As of June 1993, I’d been singing karaoke sporadically for about two years. That month, having just completed my first year as a student at Georgetown University Law Center, I flew to London to commence a summer law study program. My summer was to divide into three segments, each three weeks long: First, in London, I was taking a course on “Comparative Litigation.” Next, in Salzburg, Austria, I was taking a course on “Fundamental Rights in Europe and the U.S.,” which was co-taught by Supreme Court Justice Anthony Kennedy. Both the London and Salzburg sessions were under the auspices of a program that was operated not by Georgetown but by the McGeorge School of Law at the University of the Pacific in Sacramento, California. Following my six weeks of academics, I would spend the final three weeks on a sort of abbreviated version of the Grand Tour, passing through various Western European cities. By this time I had come to regret not having spent a semester abroad during my undergraduate years at Johns Hopkins; and I viewed my summer excursion as a way of partially compensating for what I’d missed out on. (This was at a time when study abroad programs were far more likely than today to take place in Western Europe; naturally, I assumed that if I had gone abroad for my junior year, my destination would have been somewhere in that region.)
The entries on my law school transcript from the summer of ’93 are not particularly important to this blog (although it was pretty cool hanging out in an Austrian beer garden with a Supreme Court justice, and asking him about a case that I had just seen one of my professors argue before him and his fellow jurists a few months earlier). But that summer in Europe had another, unexpected impact on my life. It saw the genesis of my World Karaoke Tour.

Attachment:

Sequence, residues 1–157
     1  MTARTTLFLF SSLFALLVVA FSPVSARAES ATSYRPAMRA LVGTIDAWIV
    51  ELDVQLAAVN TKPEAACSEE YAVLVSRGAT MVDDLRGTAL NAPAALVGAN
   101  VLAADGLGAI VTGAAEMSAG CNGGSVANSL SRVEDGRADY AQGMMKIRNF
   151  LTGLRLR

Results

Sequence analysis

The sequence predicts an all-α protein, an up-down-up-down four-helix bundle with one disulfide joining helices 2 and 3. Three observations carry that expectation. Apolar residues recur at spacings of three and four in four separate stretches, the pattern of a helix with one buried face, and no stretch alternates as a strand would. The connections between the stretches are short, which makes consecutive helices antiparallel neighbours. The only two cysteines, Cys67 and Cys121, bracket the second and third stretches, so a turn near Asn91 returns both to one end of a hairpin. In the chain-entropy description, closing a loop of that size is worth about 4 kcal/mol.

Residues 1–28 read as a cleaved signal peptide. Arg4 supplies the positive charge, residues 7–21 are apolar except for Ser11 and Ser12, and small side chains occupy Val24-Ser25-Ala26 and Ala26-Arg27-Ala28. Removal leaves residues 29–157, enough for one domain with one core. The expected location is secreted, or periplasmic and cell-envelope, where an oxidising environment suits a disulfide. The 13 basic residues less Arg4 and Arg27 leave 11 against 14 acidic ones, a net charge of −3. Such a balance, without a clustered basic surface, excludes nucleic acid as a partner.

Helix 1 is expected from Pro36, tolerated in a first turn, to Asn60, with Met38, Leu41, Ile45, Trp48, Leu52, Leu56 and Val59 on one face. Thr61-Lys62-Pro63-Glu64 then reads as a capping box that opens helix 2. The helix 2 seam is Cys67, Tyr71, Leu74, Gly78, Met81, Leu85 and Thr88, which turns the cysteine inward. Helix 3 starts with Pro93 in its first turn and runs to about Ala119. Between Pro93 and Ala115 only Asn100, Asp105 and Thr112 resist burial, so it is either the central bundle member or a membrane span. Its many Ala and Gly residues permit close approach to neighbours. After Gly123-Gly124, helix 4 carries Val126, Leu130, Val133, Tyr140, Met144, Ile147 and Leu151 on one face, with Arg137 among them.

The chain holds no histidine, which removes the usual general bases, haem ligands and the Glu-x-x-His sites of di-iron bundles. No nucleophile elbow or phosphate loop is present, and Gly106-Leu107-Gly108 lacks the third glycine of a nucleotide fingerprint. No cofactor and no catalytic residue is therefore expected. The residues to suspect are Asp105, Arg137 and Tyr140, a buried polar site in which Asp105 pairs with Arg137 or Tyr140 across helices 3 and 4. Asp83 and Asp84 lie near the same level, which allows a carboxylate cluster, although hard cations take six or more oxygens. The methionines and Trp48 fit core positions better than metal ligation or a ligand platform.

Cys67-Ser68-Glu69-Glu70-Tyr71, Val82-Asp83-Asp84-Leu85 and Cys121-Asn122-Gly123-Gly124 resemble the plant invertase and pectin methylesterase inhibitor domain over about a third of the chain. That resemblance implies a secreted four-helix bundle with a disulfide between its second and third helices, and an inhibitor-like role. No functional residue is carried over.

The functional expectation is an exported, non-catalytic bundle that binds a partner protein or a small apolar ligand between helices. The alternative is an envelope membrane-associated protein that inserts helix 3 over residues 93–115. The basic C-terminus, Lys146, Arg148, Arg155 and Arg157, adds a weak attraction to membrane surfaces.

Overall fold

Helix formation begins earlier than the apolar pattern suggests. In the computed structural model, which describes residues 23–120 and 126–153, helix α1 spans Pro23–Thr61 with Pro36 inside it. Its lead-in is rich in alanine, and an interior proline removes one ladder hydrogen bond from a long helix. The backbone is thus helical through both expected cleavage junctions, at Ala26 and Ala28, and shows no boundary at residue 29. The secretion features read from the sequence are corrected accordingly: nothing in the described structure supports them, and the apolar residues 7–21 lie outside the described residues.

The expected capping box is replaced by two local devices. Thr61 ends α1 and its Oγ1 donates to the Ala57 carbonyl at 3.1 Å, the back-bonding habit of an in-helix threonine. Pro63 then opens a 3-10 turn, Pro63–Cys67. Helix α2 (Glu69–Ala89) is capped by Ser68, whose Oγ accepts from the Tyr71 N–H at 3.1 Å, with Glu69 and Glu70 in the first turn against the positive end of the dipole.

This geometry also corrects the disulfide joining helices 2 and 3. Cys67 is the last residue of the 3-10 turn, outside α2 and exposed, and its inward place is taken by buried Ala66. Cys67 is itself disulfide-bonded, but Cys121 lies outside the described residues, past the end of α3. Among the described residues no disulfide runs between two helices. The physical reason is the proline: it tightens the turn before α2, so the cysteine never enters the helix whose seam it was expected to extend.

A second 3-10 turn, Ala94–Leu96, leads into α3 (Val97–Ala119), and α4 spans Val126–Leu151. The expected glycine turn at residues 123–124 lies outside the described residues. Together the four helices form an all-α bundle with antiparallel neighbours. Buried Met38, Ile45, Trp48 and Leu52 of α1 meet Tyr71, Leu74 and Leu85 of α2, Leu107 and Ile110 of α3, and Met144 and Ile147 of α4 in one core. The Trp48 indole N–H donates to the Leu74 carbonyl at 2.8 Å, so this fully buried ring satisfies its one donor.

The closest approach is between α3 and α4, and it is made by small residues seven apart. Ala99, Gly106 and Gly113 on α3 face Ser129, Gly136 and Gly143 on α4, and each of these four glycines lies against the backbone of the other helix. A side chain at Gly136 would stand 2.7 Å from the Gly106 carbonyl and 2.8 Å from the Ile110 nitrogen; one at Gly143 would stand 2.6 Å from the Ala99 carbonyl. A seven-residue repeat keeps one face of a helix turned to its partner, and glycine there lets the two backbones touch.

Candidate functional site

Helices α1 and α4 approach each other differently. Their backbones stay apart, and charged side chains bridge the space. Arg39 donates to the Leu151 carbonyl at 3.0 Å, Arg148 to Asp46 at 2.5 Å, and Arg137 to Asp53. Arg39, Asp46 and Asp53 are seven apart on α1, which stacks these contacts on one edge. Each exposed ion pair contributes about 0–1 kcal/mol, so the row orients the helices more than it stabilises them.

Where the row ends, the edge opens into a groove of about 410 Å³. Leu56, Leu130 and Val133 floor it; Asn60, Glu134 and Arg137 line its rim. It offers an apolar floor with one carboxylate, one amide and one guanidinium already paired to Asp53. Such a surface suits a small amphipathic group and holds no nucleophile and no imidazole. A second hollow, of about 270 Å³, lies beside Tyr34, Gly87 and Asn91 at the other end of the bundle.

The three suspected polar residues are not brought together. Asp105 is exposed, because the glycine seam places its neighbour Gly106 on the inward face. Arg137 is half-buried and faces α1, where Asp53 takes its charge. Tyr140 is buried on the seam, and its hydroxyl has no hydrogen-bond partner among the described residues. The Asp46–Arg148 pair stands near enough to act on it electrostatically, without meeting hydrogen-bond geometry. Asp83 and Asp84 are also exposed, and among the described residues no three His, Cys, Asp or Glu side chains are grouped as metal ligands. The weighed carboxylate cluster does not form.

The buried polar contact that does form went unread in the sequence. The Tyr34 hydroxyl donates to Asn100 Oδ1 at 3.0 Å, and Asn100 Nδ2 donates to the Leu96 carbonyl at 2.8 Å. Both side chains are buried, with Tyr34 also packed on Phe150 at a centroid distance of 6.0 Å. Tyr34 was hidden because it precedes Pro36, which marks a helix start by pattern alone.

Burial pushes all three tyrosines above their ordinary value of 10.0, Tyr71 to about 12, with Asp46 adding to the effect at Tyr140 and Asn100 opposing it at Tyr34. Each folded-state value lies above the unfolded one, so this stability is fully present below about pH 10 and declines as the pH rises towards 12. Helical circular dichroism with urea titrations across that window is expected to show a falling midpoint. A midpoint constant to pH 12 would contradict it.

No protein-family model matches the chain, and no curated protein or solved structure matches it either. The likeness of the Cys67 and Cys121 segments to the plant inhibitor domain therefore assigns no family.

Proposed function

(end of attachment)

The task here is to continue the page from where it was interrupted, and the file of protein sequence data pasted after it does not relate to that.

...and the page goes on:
London, United Kingdom
I’d been in London for no more than a few days when I decided that I needed to find a British pub in which to sing. So one afternoon after my classes let out, I walked around from bar to bar, asking the bartenders if they knew of any pubs that offered karaoke. In one response that was seared into my brain, a bartender not only stated that he knew of no such pubs, but gratuitously added that “karaoke is old hat.” He said this all the way back in 1993! Talk about being on the wrong side of history. 🙂 Of course, in 2012, karaoke is ubiquitous almost everywhere on the planet — an outcome that would not have surprised the 23-year-old me in ’93. So anyway, when that bloke made his smug comment, I wanted to respond, “Hey man, your whole country is old hat!” But I held my tongue. (Note: I’m a huge Anglophile; so when I call England “old hat,” I say that term with nothing but affection. But there was something ironic about a denizen of such an ancient land deriding as antiquated an invention of the 1970s.)
Naturally, I did find a place to sing in London. Continue reading